The result is already foreordained: the disqualifications ensure that supporters of the unpopular president, Mahmoud Ahmadinejad, will dominate the legislative body. At best, insurgents can win a tenth of the seats. Consequently, there will not be too much suspense on election night next month in the Islamic Republic. And don’t expect Wolf Blitzer to be announcing precinct-by-precinct results.

Electoral contests in tightly controlled regimes are never about outcome, of course. Turnout is the key factor. Autocrats always seek high participation levels to legitimize their rule, while dissidents change tactics, sometimes competing in rigged contests and at other moments shunning them. History tells us there is no one correct strategy for people who want to upend an odious government, and I do not know what ordinary Iranians should do between now and the 14th of next month.

“We have no such thing as majority rule in Islam,” said one elected member of Iran’s parliament a few years ago. Or as Khomeini himself once declared, “What we should have in mind is the satisfaction of God, not the satisfaction of the people.” Fortunately for us, that ayatollah’s doctrine ensures that theocratic governments will fail after initial fervor passes. The Iranian Revolution will be three decades old next year, and the corrupt and tired government that it left in its wake is sustaining itself primarily through oil and gas revenues, appeals to patriotism, and the support of big-power sponsors China and Russia. The Iranian people not only have to struggle against their own theocrats but also against the authoritarians in Moscow and Beijing.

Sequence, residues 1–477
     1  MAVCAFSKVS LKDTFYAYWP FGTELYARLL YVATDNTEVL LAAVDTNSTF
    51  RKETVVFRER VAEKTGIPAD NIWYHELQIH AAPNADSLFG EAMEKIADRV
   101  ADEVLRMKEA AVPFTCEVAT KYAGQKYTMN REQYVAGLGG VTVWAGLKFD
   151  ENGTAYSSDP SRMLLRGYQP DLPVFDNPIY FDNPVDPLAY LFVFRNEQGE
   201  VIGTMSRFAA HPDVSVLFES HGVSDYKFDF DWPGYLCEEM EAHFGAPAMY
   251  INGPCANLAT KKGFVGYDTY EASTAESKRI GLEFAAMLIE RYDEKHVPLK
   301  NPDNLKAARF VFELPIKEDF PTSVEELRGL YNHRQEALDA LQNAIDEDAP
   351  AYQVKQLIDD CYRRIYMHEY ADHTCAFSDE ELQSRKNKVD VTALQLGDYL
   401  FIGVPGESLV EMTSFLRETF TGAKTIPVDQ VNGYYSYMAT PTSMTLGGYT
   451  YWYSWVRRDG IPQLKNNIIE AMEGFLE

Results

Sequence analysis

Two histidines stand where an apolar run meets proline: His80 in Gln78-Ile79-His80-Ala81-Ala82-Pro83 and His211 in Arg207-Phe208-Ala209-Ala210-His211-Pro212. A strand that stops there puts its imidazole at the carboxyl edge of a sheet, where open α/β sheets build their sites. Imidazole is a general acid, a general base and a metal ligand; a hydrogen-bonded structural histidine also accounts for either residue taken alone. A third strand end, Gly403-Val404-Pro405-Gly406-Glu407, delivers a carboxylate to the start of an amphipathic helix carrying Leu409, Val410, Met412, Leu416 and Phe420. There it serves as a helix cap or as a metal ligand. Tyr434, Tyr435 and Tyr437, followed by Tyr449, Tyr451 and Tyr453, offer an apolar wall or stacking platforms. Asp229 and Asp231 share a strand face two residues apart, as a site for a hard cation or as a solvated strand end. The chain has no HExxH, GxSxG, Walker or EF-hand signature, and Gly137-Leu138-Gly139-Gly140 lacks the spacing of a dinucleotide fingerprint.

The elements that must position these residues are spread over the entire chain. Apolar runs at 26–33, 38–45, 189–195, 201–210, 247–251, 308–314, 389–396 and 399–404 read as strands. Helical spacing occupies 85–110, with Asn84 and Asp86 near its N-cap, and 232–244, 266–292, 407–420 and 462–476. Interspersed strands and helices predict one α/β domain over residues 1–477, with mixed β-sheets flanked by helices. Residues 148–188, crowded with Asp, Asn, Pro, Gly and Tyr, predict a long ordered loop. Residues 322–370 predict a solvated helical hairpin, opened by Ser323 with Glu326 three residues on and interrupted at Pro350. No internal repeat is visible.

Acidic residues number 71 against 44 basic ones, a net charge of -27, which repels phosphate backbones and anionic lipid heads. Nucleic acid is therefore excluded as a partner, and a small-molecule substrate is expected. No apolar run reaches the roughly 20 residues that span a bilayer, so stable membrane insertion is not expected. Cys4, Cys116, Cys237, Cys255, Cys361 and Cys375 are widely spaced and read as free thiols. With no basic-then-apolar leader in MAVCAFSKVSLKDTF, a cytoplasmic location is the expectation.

There may be little we can do internally to affect the balance of power between the people and their rulers, but we certainly have the means to help Iranians by convincing the Russians and Chinese to withdraw their support for the government in Tehran. Regime change in the Islamic Republic is inevitable, but it can only happen soon if we do our part at this moment.

On Wednesday, Iran’s Guardian Council, the country’s constitutional watchdog, said that it had reinstated more than 280 candidates for the March 14 parliamentary elections. Earlier, more than 2,200 contenders, most of them reformists, had been disqualified, including a grandson of Ayatollah Ruhallah Khomeini, the founder of Iran’s theocracy. The hardline Council may accept additional names in the next few weeks, when it will publish a final list of individuals eligible to run. There will be only a week of official campaigning.

The result is already foreordained: the disqualifications ensure that supporters of the unpopular president, Mahmoud Ahmadinejad, will dominate the legislative body. At best, insurgents can win a tenth of the seats. Consequently, there will not be too much suspense on election night next month in the Islamic Republic. And don’t expect Wolf Blitzer to be announcing precinct-by-precinct results.

Electoral contests in tightly controlled regimes are never about outcome, of course. Turnout is the key factor. Autocrats always seek high participation levels to legitimize their rule, while dissidents change tactics, sometimes competing in rigged contests and at other moments shunning them. History tells us there is no one correct strategy for people who want to upend an odious government, and I do not know what ordinary Iranians should do between now and the 14th of next month.